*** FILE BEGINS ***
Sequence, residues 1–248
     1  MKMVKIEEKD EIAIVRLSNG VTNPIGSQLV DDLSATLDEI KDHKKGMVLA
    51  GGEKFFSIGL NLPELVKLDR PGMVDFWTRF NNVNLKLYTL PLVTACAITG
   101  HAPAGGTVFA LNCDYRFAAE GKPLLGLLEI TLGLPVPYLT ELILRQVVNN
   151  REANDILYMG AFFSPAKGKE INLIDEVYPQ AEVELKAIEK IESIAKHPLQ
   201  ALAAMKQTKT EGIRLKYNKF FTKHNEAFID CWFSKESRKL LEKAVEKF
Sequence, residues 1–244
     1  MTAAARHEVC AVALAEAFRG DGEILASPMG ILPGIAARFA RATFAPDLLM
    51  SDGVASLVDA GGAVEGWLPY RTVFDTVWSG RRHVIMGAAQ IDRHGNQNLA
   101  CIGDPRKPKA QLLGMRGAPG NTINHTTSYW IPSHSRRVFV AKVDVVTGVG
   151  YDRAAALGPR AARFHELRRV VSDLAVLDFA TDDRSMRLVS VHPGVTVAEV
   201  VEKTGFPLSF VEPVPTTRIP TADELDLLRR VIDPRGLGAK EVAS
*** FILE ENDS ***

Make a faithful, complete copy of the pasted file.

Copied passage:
Sequence, residues 1–248
     1  MKMVKIEEKD EIAIVRLSNG VTNPIGSQLV DDLSATLDEI KDHKKGMVLA
    51  GGEKFFSIGL NLPELVKLDR PGMVDFWTRF NNVNLKLYTL PLVTACAITG
   101  HAPAGGTVFA LNCDYRFAAE GKPLLGLLEI TLGLPVPYLT ELILRQVVNN
   151  REANDILYMG AFFSPAKGKE INLIDEVYPQ AEVELKAIEK IESIAKHPLQ
   201  ALAAMKQTKT EGIRLKYNKF FTKHNEAFID CWFSKESRKL LEKAVEKF
Sequence, residues 1–244
     1  MTAAARHEVC AVALAEAFRG DGEILASPMG ILPGIAARFA RATFAPDLLM
    51  SDGVASLVDA GGAVEGWLPY RTVFDTVWSG RRHVIMGAAQ IDRHGNQNLA
   101  CIGDPRKPKA QLLGMRGAPG NTINHTTSYW IPSHSRRVFV AKVDVVTGVG
   151  YDRAAALGPR AARFHELRRV VSDLAVLDFA TDDRSMRLVS VHPGVTVAEV
   201  VEKTGFPLSF VEPVPTTRIP TADELDLLRR VIDPRGLGAK EVAS